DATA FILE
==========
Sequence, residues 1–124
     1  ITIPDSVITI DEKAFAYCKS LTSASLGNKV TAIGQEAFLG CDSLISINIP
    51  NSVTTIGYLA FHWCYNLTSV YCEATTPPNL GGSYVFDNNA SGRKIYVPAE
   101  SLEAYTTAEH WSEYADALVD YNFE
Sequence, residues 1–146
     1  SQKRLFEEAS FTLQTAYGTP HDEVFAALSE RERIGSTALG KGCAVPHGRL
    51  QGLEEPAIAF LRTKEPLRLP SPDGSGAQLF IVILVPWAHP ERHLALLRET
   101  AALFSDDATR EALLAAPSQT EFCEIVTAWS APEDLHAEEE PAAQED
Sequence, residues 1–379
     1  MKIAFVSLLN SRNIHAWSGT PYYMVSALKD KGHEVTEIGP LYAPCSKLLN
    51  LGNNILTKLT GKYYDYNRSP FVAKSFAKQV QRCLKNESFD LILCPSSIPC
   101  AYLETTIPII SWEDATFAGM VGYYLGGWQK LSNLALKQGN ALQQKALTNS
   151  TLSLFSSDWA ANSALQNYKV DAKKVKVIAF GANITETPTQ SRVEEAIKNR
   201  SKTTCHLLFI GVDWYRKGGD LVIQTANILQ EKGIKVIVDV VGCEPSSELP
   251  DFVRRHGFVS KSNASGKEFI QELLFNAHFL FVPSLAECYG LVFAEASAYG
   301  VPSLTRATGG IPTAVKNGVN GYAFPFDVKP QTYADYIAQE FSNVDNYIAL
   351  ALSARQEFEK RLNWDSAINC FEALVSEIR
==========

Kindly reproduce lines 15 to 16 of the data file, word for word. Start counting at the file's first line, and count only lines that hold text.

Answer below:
   251  DFVRRHGFVS KSNASGKEFI QELLFNAHFL FVPSLAECYG LVFAEASAYG
   301  VPSLTRATGG IPTAVKNGVN GYAFPFDVKP QTYADYIAQE FSNVDNYIAL